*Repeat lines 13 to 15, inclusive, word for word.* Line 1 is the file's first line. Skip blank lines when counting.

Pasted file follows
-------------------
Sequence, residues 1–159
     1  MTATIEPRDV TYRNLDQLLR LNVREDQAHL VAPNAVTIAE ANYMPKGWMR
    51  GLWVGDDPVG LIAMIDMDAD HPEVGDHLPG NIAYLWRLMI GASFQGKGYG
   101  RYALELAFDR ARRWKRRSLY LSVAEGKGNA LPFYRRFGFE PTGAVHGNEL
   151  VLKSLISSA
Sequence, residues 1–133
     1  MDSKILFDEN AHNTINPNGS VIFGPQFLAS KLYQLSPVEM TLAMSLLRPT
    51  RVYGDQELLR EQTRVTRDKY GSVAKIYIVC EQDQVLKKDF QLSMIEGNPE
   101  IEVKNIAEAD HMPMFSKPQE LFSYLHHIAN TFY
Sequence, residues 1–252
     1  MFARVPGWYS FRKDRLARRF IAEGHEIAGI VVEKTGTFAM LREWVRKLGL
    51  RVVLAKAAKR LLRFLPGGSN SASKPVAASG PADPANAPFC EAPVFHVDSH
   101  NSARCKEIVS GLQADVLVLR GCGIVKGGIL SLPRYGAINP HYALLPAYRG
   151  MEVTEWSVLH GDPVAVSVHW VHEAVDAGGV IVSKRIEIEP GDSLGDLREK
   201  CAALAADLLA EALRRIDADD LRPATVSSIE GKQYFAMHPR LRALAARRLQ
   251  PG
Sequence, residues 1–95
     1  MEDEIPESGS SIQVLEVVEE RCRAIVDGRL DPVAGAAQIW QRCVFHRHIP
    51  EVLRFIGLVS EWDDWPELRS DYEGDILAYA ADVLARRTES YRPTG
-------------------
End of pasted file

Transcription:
   101  NSARCKEIVS GLQADVLVLR GCGIVKGGIL SLPRYGAINP HYALLPAYRG
   151  MEVTEWSVLH GDPVAVSVHW VHEAVDAGGV IVSKRIEIEP GDSLGDLREK
   201  CAALAADLLA EALRRIDADD LRPATVSSIE GKQYFAMHPR LRALAARRLQ